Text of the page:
[but you can barely hear it!? Here, Mouse has its own speaking routine, so Mouse- doesn't immediately invoke Animal-. This is known as ``overriding''. In fact, we didn't even need to say that a Mouse was an Animal at all, since all of the methods needed for speak are completely defined with Mouse.

But we've now duplicated some of the code from Animal-, and this can once again be a maintenance headache. So, can we avoid that? Can we say somehow that a Mouse does everything any other Animal does, but add in the extra comment? Sure!

First, we can invoke the Animal::speak method

  1. Animal package from before

{ package Mouse; @ISA = qw(Animal); sub sound { Note that we have to include the $class parameter (almost surely the value of ) as the first parameter to Animal::speak, since we've stopped using the method arrow. Why did we stop? Well, if we invoke Animal- there, the first parameter to the method will be not , and when time comes for it to call for the sound, it won't have the right class to come back to this package.

Invoking Animal::speak directly is a mess, however. What if Animal::speak didn't exist before, and was being inherited from a class mentioned in @Animal::ISA? Because we are no longer using the method arrow, we get one and only one chance to hit the right subroutine.

Also note that the Animal classname is now hardwired into the subroutine selection. This is a mess if someone maintains the code, changing @ISA for Animal there in speak. So, this is probably not the right way to go.

Starting the search from a different place

A better solution is to tell Perl to search from a higher

place in the inheritance chain
  1. same Animal as before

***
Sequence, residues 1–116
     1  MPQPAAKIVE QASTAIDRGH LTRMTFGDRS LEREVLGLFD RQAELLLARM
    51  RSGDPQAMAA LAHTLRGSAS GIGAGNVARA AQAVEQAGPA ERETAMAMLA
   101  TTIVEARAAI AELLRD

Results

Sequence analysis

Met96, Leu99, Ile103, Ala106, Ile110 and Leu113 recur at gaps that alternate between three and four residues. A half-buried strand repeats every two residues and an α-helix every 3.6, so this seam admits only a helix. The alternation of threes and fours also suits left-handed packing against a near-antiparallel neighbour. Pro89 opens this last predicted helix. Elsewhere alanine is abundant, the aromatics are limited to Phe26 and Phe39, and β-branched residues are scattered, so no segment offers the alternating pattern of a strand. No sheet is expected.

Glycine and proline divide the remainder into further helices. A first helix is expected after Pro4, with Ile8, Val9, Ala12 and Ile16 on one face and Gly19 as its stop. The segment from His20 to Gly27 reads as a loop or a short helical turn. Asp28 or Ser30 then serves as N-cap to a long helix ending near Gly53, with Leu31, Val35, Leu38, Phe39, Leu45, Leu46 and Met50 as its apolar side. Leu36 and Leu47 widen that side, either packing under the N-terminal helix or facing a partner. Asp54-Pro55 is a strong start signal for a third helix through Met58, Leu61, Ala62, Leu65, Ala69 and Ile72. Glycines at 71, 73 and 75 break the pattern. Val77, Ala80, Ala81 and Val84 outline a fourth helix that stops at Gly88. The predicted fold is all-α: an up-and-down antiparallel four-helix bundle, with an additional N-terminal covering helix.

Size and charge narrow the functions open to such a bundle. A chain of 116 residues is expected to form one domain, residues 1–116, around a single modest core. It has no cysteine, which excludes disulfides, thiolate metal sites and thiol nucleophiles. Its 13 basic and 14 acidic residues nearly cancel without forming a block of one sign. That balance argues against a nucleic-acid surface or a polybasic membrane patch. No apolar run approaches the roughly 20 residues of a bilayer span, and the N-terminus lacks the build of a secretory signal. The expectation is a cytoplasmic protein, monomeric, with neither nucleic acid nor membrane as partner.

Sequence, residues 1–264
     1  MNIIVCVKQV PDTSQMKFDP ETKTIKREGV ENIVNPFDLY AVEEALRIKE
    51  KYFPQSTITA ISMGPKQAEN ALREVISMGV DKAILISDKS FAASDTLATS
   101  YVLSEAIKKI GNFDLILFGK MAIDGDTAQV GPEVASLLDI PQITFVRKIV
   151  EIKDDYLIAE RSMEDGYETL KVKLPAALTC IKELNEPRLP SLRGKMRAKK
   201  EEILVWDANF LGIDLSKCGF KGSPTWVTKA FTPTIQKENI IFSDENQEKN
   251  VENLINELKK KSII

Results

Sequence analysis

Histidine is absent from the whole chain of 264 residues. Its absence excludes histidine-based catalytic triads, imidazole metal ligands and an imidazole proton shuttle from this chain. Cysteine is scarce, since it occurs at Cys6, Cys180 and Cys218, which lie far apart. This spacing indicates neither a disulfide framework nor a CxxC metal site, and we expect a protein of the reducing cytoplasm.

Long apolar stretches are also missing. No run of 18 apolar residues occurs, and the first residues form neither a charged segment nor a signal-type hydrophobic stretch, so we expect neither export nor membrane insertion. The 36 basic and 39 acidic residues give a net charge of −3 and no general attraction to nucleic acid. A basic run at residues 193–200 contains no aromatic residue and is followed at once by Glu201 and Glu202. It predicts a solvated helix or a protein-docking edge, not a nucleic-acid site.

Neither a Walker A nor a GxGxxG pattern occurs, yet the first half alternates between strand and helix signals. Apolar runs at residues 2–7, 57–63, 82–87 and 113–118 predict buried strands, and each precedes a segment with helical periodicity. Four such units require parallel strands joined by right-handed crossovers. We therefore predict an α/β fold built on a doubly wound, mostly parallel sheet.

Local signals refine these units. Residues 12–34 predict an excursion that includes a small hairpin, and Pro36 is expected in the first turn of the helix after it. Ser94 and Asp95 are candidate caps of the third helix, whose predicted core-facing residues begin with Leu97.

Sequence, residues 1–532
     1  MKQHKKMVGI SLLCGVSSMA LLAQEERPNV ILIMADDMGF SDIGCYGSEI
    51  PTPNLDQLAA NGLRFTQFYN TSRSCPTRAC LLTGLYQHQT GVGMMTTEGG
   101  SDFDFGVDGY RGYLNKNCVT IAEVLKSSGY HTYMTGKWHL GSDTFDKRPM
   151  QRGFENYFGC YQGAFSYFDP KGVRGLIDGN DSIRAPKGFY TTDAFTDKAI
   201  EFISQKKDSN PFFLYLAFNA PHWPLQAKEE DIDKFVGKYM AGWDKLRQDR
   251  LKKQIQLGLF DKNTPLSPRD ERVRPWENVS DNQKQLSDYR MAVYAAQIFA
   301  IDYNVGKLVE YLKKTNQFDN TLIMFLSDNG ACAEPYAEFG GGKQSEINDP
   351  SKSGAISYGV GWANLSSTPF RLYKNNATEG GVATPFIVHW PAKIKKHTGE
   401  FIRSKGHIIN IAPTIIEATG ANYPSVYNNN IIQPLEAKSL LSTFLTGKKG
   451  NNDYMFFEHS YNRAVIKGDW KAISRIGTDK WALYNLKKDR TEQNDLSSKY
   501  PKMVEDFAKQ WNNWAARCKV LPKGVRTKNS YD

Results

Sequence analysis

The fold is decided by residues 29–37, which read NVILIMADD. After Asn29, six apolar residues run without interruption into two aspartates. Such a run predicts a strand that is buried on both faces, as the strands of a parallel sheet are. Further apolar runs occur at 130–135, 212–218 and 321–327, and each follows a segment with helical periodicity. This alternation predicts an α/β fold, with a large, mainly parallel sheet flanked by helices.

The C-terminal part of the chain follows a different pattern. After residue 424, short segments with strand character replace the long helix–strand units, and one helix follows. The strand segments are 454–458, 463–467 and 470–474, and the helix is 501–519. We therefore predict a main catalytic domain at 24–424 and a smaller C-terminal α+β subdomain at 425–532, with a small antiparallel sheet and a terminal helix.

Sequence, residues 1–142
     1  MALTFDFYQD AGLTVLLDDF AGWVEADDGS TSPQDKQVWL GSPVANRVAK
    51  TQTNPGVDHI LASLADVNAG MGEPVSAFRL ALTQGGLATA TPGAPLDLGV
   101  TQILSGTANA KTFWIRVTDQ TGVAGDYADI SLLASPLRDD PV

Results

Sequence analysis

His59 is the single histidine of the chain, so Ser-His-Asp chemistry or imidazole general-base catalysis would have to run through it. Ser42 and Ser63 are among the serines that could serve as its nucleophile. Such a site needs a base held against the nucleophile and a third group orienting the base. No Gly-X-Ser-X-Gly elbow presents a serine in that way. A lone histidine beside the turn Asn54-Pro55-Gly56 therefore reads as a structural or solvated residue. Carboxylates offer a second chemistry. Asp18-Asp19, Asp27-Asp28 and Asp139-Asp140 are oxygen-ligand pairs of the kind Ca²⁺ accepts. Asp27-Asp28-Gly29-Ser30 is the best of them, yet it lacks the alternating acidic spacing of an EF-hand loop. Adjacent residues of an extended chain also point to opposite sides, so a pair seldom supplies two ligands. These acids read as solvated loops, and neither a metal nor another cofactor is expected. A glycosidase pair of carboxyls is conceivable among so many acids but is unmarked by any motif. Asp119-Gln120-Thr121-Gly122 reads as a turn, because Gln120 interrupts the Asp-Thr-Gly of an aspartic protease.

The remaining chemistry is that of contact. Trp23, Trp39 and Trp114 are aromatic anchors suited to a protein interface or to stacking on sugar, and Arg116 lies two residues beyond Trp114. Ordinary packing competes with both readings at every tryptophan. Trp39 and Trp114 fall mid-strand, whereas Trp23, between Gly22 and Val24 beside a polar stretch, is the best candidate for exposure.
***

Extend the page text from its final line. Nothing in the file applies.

{ package Mouse;

  1. same @ISA,

Ahh. This works. Using this syntax, we start with Animal to find speak, and use all of Animal's inheritance chain if not found immediately. And yet the first parameter will be $class, so the found speak method will get Mouse as its first entry, and eventually work its way back to Mouse::sound for the details.

But this isn't the best solution. We still have to keep the @ISA and the initial search package coordinated. Worse, if Mouse had multiple entries in @ISA, we wouldn't necessarily know which one had actually defined speak. So, is there an even better way?

The SUPER way of doing things

By changing the Animal class to the SUPER class in that invocation, we get a search of all of our super classes (classes listed in @ISA)

  1. same Animal as before

{ package Mouse;

  1. same @ISA,

So, SUPER::speak means look in the current package's @ISA for speak, invoking the first one found.

Where we're at so far...

So far, we've seen the method arrow syntax
or the equivalent
$a =
which constructs an argument list of

and attempts to invoke


However, if Class::method is not found, then @Class::ISA is examined (recursively) to locate a package that does indeed contain method, and that subroutine is invoked instead.

Using this simple syntax, we have class methods, (multiple) inheritance, overriding, and extending. Using just what we've seen so far, we've been able to factor out common code, and provide a nice way to reuse implementations with variations. This is at the core of what objects provide, but objects also provide instance data, which we haven't even begun to cover.

A horse is a horse, of course of course -- or is it?

Let's start with the code for the Animal class and

the Horse class
{ package Animal;